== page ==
Friday, February 17, 2012

Building Up...

When you train for a race, especially a marathon, you don't start your first training day with a 14 mile run.  No, you start with a 2-3 mile run, 3 times a week-and begin to build up your mileage.  I started my training in January and have been building up my mileage every week-this week I have had a 4, 5 and 8 mile run and will cap the week off with a weekend long run of 10miles.  Building up mileage works all the way up to a long run of 22 miles a few weeks before the marathon. Building up in training helps me gain strength, not get injured and gain confidence that I can eventually run 26.2 miles!

I was reminded of this "building up" strategy last week when I was up seeing some of our projects.  Many of us have experienced some set-backs, some of these set-backs have been devastating and some-well, maybe they just de-railed us for a short time.  But we all had to re-build-and I am certain that all of us had help.  It is very difficult to build yourself or something back up if you don't have people or a faith to help you.  I am sure all of us can think of specific friends or family that helped us build up or re-build our lives after a set-back.

Now imagine a whole country, society, people-who have had a HUGE set-back.  Welcome to Liberia.  Many sources say that the war was so devastating to Liberia it set it back over 50 years...this doesn't even cover the personal set-backs of loss, pain and emotional scaring that may never be fully measured.  But, Liberia is building back up-one small step at a time-just like training for a marathon!

I see the projects that we are doing as part of the building up of this nation.  Our community/church mobilization program (or HOPE) is a perfect example of this.  We don't jump in with a lot of "stuff" and demands-instead we build up the community and church leaders so that they can be the catalyst for re-building.  Here are some examples:

Anyone who has travelled on the bad roads here -especially in Foya-can appreciate this first example.  On the way to Foya Teinga-one of our CMP training communities, the road is horrific...the hills are steep and laden with rocks jutting out and deep ravines that have been cut by run-off during the heavy rainy season.  It takes about 80 min to go 30km...There is one specific hill that EVERYONE knows about-it was the worst of the worst to drive on.  After conducting our community envisioning training the community decided to take matters into their own hands (literally) and fix the hill...they dug out drainage side ditches, they filled in the pot holes, they cut into the side of the road to make it wider...they built up this road to be better-all by hand.  As a result another NGO saw their commitment and helped them actually cement the worst section so that it was easier to travel on. 
I wish I had a before picture!  But more importantly here is the AFTER picture of this section of road.

Now, in the middle of this jungle road to Foya Teinga there is a small strip of 'paved' road on this hill to help truck and motorbikes travel to markets and clinics.  The people of Foya Tienga are in the business of building up there community!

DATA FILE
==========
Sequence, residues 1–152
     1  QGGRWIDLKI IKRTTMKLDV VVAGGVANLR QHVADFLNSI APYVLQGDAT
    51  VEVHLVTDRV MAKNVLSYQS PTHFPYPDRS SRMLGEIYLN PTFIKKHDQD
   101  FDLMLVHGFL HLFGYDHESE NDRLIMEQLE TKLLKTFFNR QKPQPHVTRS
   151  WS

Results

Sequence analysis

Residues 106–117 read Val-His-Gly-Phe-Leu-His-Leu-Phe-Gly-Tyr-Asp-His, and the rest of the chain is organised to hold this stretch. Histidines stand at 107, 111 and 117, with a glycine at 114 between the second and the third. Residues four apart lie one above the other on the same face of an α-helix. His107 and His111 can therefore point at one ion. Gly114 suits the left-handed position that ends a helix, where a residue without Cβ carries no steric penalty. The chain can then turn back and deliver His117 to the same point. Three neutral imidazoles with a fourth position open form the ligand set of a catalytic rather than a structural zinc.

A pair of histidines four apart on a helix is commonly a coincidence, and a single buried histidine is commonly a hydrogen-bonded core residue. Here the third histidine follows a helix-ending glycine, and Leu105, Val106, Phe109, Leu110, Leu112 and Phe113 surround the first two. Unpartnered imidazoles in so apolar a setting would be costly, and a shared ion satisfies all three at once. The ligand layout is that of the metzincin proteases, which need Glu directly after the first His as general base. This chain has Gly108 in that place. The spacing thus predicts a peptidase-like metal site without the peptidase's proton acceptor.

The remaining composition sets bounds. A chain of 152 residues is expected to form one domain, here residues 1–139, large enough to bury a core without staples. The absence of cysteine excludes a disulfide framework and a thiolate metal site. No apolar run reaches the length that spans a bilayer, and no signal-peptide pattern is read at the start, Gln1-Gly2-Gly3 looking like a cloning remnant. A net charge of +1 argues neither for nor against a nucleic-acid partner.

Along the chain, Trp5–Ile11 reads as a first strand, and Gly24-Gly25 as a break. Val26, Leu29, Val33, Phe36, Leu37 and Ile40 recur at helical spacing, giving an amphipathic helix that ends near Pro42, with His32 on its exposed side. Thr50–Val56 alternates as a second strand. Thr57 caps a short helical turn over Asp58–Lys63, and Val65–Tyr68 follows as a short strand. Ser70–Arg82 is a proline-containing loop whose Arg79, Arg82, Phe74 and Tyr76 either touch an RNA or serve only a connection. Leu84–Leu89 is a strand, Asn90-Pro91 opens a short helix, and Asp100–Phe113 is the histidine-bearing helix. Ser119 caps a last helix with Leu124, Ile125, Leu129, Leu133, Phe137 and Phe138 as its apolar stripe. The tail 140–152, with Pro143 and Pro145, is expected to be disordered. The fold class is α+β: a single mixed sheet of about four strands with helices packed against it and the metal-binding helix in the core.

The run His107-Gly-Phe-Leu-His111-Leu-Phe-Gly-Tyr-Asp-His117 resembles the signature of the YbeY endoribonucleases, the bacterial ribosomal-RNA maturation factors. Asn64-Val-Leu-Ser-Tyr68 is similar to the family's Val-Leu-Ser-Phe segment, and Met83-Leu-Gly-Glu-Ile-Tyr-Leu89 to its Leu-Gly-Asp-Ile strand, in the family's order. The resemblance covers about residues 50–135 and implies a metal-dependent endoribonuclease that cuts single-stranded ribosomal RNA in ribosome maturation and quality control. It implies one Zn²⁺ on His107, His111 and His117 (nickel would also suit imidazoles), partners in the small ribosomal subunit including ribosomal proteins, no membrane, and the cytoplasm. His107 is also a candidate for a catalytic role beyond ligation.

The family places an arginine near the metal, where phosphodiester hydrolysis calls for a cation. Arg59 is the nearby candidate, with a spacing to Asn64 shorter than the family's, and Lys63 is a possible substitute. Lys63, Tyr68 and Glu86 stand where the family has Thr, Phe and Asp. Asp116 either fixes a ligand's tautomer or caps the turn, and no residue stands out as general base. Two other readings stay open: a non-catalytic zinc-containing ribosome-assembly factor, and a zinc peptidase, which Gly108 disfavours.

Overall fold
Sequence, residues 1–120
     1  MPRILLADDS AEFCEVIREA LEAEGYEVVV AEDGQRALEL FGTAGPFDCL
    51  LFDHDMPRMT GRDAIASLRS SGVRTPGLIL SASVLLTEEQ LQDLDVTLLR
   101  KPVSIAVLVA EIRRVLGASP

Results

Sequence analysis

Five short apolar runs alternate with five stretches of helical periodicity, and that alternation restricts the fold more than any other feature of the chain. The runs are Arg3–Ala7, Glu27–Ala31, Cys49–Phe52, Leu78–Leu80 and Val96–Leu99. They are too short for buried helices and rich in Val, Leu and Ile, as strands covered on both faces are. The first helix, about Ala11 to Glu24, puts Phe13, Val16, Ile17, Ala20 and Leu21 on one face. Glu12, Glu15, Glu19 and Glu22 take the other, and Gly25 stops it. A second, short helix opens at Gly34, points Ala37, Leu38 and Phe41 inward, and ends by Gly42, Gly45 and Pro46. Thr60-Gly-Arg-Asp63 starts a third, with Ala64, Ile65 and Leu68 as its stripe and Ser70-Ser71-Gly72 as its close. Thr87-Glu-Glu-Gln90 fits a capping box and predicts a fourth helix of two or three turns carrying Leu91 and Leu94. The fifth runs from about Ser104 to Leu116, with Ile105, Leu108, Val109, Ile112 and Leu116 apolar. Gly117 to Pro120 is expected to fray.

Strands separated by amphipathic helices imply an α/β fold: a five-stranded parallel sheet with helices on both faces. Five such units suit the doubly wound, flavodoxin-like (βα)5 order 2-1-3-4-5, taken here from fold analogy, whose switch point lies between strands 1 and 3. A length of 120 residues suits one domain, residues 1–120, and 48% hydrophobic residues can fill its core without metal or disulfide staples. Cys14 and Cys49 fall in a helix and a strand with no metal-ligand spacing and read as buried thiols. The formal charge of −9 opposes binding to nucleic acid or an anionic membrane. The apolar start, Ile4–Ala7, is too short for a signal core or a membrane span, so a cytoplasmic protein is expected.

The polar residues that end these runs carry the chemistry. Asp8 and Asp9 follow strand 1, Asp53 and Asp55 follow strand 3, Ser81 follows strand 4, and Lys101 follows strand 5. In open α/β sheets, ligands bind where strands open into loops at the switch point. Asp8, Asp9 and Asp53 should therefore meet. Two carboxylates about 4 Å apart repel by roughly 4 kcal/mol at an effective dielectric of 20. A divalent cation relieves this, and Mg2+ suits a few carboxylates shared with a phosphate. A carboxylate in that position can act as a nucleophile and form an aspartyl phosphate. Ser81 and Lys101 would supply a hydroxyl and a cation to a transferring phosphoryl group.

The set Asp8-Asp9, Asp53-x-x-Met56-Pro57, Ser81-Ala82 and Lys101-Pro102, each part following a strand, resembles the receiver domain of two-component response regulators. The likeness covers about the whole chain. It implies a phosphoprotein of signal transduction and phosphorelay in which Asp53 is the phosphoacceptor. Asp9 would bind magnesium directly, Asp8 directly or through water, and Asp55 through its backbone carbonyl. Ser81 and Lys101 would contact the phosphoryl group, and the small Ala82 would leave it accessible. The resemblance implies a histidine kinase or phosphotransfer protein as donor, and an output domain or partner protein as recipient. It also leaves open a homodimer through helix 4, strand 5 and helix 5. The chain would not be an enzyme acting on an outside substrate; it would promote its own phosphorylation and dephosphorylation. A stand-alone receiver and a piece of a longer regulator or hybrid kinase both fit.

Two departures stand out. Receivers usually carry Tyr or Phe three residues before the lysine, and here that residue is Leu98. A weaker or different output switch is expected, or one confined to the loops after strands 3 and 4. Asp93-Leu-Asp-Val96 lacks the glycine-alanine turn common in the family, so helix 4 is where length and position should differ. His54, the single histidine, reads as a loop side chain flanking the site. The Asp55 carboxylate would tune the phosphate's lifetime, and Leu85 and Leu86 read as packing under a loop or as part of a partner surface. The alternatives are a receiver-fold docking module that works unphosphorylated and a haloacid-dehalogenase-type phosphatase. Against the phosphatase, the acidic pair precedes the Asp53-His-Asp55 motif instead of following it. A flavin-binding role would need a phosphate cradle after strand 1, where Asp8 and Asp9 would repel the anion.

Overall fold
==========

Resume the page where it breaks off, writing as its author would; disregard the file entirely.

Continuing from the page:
The CMP project also has done community training in sustainable agriculture.  Some churches just outside of Foya got together and were able to purchase a small piece of land to begin growing cassava.  Cassava is a staple here just as much as rice is.  The leaves can be eaten-and of course the root can be prepared many different ways for food consumption.  Right now on the CMP farm, the cassava is just tiny!  But it is building up and soon (after the rains come) it will be ready for harvesting.  The church community can then use it to sell or for food for many of the vulnerable in there community.

Tiny little cassava pushing its way through the dry soil...

Projects like these are building up the people of Liberia.  I hope you noticed throughout these stories a couple of things: 1) We just didn't give them a cement truck or paving equipment and do the paving ourselves or a bunch of freshly harvested cassava-all we did was provide a little training on what assets the community had and how they could be used and the community did the rest.  2) Building up takes time!  I am very proud of our CMP staff for taking time to build up each community and see the fruits of their labour!

Just as a little follow-up and keeping with the building up theme-many of you may remember the story about when we were travelling and came across a house burning down.  Well, I was so happy to see (as we were returning from Foya Tienga) the progress the community has made on re-building:

Building up the walls!

This house is in a CMP community so we have been able to follow -up on its progress.  It was so great to see the community together building bricks to help build up this house again.  I am glad SP was able to assist-as we will help with the roofing when the walls are done. 

Building up something that has been broken takes time and commitment.  You can't just rush into it-there is no 'quick fix' and you have to commit to it.  There are so many similarities to our work in our projects and to marathon training-it really amazes me when I think about it! You make sure you get good information before training, you start to train slowly, you have a team helping you and slowly-step by step you build up to your goal.  For many Liberians that goal is-to build up their family, their community and this nation.  What a building project to be a part of!